Background: We have previously shown that the preemptive use of cytomegalovirus (CMV) immunoglobulin (Ig) replacement (CytoGam) decreases the incidence of opportunistic infections in cardiac transplant recipients with severe hypogammaglobulinemia. However, the impact of Ig replacement in moderately hypogammaglobulinemic patients is unknown. Methods: Periodic monitoring of the IgG levels was done in 300 heart transplant recipients. Moderate hypogammaglobulinemia (IgG, 350-500 mg/dl) developed in 56 patients (18.6%). Thirty-three patients declined randomization but agreed to have their IgG levels monitored. Twenty-three patients were randomized to placebo (n = 10) or CytoGam (n = 13) at 105 ± 63 days after transplantation. Results: The baseline characteristics were similar. A significant reduction in CMV infection was noted in the CytoGam Group compared with the Placebo Group (15.4% [2/13] vs 60% [6/10], p = .039). Among patients who declined randomization, CMV infection developed in 13 (39.4%) of 33, and 6 (46.1%) of the 13 progressed to severe hypogammaglobulinemia. A trend for reduction in the average episodes of <grade 2 rejection during the 6-month period after randomization was noted in the CytoGam group (0.4 ± 0.6 vs 1.4 ± 1.3, p = 0.065). Conclusions: The preemptive use of CytoGam decreases the incidence of CMV infection in patients with moderate hypogammaglobulinemia. A larger randomized study is needed to substantiate these results.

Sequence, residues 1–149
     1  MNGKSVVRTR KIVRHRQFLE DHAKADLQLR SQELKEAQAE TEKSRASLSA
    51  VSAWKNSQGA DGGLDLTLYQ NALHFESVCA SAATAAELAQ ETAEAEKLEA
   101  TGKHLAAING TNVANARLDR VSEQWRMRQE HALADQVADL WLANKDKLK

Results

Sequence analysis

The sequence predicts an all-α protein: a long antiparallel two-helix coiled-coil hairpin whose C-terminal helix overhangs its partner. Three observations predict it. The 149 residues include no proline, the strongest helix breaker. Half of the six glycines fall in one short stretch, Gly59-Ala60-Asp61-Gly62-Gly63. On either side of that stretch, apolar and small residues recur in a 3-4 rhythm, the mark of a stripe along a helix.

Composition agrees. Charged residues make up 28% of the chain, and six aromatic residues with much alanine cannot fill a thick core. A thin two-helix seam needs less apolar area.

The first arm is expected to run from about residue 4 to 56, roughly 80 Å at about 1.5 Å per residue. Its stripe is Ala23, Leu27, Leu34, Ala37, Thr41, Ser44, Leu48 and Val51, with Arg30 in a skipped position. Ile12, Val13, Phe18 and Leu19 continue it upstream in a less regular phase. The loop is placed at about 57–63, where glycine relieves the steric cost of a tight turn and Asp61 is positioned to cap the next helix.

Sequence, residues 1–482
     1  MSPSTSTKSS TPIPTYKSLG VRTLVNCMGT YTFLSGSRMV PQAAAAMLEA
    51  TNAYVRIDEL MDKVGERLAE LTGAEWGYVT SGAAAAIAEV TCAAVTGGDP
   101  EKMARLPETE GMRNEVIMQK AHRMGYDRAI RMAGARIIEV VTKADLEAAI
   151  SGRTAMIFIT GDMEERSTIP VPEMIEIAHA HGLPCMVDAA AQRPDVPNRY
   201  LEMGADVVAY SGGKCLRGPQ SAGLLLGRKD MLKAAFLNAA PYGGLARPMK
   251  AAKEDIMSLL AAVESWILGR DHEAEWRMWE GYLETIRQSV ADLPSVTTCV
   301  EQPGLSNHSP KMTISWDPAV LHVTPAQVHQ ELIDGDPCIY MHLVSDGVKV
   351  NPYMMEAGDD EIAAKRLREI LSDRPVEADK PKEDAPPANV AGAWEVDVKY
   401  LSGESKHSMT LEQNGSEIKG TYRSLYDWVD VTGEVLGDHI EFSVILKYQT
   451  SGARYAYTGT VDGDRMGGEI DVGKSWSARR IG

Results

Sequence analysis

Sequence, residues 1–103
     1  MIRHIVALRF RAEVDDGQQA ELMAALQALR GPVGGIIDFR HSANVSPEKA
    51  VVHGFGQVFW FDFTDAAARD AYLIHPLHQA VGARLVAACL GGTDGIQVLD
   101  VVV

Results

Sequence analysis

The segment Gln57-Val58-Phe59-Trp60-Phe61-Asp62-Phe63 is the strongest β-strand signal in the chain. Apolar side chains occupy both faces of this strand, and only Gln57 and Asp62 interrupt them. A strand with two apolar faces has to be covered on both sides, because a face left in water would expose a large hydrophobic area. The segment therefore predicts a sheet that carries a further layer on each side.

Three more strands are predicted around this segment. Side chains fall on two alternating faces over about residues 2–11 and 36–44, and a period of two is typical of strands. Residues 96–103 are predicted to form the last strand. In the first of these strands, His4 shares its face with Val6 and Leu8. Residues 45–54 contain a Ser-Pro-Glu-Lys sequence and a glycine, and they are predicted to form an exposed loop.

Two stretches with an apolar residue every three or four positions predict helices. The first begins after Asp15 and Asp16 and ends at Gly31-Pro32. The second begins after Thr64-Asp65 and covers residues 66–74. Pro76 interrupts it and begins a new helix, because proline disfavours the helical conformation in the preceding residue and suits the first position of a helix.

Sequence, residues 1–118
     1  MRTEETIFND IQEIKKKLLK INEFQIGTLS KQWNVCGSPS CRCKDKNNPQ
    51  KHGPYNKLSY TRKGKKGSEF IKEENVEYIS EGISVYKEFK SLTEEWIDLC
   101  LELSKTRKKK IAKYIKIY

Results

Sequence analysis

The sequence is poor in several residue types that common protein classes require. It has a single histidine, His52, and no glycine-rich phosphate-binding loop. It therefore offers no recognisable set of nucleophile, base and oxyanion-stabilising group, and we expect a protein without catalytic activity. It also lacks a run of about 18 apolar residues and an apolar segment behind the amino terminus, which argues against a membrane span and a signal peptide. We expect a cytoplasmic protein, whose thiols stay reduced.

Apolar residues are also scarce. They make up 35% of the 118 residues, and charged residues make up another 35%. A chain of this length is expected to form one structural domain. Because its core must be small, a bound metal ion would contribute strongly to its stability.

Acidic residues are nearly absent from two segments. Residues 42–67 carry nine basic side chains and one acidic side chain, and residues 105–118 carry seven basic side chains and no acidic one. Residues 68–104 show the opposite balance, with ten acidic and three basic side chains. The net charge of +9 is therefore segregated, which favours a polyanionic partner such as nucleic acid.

ASJC Scopus subject areas
- Pulmonary and Respiratory Medicine
- Cardiology and Cardiovascular Medicine